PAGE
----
Liar, Lunatic, or Leafy Green Vegetable

Apologetics is, by its very nature, an inherently bandwagon-y enterprise, so it’s not too surprising that David Limbaugh, in his foreward to I Don’t Have Enough FAITH to Be an ATHEIST , can’t resist the temptation to toss in his own two denarius’ worth:

As C. S. Lewis observed, if Christ is not God, then he could not have been an exemplary prophet or a great moral teacher, because he claimed to be God. If he was not who he said he was, then he was either a liar or a lunatic, hardly a great moral teacher or prophet.

This is a classic piece of Christian apologetics, and quite widely circulated among Christians. It’s so popular, you’d think there was some substance to it. But is there?

Let’s consider another of Jesus’ famous sayings:

I am the true vine, and my Father is the gardener. He cuts off every branch in me that bears no fruit, while every branch that does bear fruit he prunes so that it will be even more fruitful. You are already clean because of the word I have spoken to you. Remain in me, and I will remain in you. No branch can bear fruit by itself; it must remain in the vine. Neither can you bear fruit unless you remain in me. (John 15:1-5)

Applying the logic of C. S. Lewis to the above statement of Jesus, we can see that one of three things must be true: either he’s a liar, or he’s a lunatic, or he’s a leafy green fruit plant. That’s it. Those are the only three alternatives that Lewis allows us, so one of them must be true. Right?

Lewis makes so many assumptions in such a short space. For example, he assumes that Jesus was a morally perfect man (and thus inconsistent with the “liar” and “lunatic” alternatives). But the assumption that Jesus was morally perfect is based on the assumption that he was the incarnation of a morally perfect God. Indeed, all the Gospel records of his life are written under this assumption. Lewis bases his conclusion that Jesus is Lord on the assumption that Jesus is Lord.

Lewis also assumes that when Jesus claimed to be God (IF he claimed to be God), he intended his words to be taken literally. For a man who called himself a door, a vine, a loaf of bread and a glass of wine, this is not necessarily a safe assumption.

Lewis also assumes that no liar or lunatic could have preached a gospel of morality and self-denial. History, however, has many instances of popes, prophets, and preachers who were strait-laced, outwardly moral, and inwardly corrupt and deceptive, whatever their followers may have claimed.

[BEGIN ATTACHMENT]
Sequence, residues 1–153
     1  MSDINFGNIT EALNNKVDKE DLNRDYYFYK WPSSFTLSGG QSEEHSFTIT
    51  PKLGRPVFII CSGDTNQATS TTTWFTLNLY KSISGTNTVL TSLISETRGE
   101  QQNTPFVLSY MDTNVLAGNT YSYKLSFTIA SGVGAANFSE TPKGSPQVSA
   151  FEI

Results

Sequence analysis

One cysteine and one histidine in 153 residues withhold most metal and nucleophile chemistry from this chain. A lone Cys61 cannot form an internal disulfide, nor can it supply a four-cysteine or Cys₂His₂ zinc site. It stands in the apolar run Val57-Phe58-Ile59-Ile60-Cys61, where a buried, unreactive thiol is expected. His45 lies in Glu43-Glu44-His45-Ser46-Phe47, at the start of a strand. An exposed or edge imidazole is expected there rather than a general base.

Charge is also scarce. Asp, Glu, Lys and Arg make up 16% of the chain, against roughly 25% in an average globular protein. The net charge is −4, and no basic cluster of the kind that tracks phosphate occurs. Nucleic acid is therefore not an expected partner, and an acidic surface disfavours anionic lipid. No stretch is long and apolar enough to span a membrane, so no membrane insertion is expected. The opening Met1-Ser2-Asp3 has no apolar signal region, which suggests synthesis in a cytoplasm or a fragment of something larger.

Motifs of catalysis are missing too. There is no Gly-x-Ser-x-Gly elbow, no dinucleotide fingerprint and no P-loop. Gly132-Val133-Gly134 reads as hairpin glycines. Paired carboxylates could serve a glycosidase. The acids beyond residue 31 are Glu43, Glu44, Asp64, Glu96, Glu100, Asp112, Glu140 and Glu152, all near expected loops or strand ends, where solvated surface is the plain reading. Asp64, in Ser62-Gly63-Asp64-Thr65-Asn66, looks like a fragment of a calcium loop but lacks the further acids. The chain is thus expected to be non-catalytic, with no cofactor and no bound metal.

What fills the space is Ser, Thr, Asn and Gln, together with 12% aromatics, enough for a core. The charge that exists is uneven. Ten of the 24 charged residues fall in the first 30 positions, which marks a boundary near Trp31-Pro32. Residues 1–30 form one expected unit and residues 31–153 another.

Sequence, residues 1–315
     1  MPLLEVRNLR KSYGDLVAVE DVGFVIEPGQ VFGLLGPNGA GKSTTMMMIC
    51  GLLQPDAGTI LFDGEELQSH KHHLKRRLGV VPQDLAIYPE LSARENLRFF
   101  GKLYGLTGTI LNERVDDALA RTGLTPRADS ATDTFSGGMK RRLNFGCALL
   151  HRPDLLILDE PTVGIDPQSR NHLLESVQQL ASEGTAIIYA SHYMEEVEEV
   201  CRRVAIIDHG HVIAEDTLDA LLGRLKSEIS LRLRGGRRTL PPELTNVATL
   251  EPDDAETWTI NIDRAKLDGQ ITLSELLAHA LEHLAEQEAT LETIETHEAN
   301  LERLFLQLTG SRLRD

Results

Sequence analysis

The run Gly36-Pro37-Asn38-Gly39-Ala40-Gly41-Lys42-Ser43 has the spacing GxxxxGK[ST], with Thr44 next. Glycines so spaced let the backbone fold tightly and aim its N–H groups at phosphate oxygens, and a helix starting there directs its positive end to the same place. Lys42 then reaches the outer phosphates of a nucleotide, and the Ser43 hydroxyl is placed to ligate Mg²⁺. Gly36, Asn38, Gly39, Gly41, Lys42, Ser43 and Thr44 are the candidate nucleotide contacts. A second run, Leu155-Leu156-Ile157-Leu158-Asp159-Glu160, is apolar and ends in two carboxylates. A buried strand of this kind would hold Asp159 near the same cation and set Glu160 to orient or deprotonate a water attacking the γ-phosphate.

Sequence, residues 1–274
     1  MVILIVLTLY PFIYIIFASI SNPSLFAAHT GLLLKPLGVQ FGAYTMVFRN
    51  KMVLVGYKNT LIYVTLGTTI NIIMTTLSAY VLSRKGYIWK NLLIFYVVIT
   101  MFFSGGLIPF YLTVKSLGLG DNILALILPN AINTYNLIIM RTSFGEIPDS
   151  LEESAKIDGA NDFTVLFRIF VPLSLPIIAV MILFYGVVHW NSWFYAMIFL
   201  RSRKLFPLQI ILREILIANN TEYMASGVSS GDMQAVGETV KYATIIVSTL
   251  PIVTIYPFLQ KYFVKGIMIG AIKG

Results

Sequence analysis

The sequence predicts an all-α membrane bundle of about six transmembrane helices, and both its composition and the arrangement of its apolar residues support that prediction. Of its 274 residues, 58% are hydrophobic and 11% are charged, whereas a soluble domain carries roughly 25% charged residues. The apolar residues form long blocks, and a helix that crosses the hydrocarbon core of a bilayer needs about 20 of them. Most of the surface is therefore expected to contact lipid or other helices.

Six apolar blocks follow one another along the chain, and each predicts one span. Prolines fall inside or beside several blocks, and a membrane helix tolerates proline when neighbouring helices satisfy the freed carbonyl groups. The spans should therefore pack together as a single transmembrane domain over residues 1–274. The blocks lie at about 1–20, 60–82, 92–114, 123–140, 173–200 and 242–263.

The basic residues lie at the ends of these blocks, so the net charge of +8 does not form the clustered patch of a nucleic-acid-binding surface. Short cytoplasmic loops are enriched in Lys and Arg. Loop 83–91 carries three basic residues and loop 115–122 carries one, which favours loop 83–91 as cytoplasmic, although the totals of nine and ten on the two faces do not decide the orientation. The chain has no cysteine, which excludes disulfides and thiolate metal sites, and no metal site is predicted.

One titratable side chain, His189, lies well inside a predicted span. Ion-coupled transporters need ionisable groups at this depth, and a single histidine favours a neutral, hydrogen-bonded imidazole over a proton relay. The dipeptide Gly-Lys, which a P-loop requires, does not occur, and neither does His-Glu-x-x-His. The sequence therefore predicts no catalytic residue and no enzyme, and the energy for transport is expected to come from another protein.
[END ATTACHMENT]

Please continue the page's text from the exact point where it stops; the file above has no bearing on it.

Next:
Even if Jesus were being honest (as far as he knew), he might still have been mistaken. Lewis assumes that if Jesus was of honest disposition, he could not be mistaken about the degree to which he was indwelt by God. Many have been, and have contradicted one another. Again, delusions are no guarantee that the deluded one will behave inconsistently with his idea of God’s righteousness. There might be occasional irrational outbursts (like, say, suddenly attacking vendors in the Temple complex), but by and large the deluded person stays as consistent as possible with his delusion.

In short, the “Liar, Lord or Lunatic” argument is simply an exercise in self-justification. The believer knows beforehand that he wants Jesus to be Lord; the “3 L’s” argument merely gives a pretext for doing just that.

6 Responses to “Liar, Lunatic, or Leafy Green Vegetable”

  1. gaysolomon Says:

    There are additional possibilities that Lewis did not explore. For example:

    According to the Jesus Seminar, Jesus may have been an historical person, but he was probably only a teacher of wisdom. In fact, the Seminar concludes that only 18% of the words attributed to Jesus in the synoptic gospels were actually uttered by him. The balance were put in Jesus’ mouth by the early Christian community, or were “borrowed” from other sources. Unfortunately, most of what can be directly attributed to Jesus is largely unremarkable, and hardly worthy of constructing a religion around.

    According to Daniel Dennett in his latest book, Breaking the Spell, much of the New Testament was probably the result of midrash. The historicity of Jesus is also doubted by Dennett.